Venue: Caspian Business Center, 2nd floor, 40 J. Jabbarli Str, Baku
Date: August 31, 2019
Time: 12:00 p.m.
Overview: Borders and border regions are important geographic regions for understanding population health in current day public health. Have cultural borders always had an impact on human-well being? This talk explores this question through bioarchaeological data and examines the biological influences of empire on the health and well-being of rural, highland communities in the Talysh Mountains of southeastern Azerbaijan during the Late Iron Age (600-200 BCE). During the Late Iron Age, the South Caucasus was positioned at the peripheral northern edges of the Achaemenid/Seleucid and later Parthian/Roman empire. While these empires had far political reach and radiating cultural influence, little is known about their physical impacts, whether beneficial or detrimental, on the lives and health of the people who occupied their furthest extents. Excavations of the Late Iron Age Piboz Təpə necropolis have produced one of the largest archaeological human skeletal remains collections in Azerbaijan, which will provide substantial and significant insight on empire from the perspective and daily lives of its people.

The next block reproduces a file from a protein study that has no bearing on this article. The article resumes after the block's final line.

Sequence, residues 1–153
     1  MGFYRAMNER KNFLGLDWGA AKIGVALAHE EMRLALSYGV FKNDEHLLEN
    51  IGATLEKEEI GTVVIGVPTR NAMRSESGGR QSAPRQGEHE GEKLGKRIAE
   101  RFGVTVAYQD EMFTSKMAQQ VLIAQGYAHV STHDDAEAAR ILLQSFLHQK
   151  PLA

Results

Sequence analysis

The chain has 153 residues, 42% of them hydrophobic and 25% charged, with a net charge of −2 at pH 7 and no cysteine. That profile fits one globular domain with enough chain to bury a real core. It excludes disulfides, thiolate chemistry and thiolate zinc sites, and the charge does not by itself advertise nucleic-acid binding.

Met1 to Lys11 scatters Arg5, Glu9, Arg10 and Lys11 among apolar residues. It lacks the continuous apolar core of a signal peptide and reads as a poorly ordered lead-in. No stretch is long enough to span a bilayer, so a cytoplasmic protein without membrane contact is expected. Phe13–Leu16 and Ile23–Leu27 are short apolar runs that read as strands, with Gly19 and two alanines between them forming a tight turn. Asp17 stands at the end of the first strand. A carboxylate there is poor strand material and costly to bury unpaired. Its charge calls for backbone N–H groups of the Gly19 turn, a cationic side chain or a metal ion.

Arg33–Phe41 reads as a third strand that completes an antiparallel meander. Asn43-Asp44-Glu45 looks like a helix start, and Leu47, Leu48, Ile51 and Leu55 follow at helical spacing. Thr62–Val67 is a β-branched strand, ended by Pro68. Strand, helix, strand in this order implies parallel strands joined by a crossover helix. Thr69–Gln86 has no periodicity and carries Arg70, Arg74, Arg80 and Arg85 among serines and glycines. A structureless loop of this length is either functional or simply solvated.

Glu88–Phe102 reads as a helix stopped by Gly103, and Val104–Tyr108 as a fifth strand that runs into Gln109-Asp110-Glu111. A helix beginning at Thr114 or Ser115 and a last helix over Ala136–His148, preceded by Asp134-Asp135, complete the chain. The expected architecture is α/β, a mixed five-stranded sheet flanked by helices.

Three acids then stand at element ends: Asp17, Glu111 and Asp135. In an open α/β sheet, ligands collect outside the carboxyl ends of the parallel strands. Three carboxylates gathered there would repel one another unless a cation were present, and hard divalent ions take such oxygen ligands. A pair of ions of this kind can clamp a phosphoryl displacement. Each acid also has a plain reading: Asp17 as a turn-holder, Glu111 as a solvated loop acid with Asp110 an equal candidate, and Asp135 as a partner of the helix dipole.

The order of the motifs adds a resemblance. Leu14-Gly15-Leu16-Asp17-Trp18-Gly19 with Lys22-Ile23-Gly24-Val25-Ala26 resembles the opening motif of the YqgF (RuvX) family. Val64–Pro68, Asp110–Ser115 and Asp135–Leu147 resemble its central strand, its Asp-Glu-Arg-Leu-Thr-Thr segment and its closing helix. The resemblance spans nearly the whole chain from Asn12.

Lecturer’s bio: Selin E. Nugent is a Postdoctoral Researcher at the Centre for the Study of Social Cohesion, University of Oxford, and a Research Associate at St. Benet’s Hall, University of Oxford. Dr. Nugent applies bioarchaeological approaches to the study of collective mobility, subsistence, and ritual practices in the South Caucasus to address key questions on the evolution of group cohesion and social complexity.
* This event is free and open to the public. ARISC does not discriminate on the basis of race, color, national origin, religion, sex, physical or mental disability, medical condition, ancestry, marital status, age, sexual orientation, or status as a covered veteran.
** Funding for this fellowship is provided by the US Department of State’s Bureau of Educational and Cultural Affairs through a grant to the Council of American Overseas Research Centers (CAORC).
For additional information, please contact us at Azerbaijan@arisc.org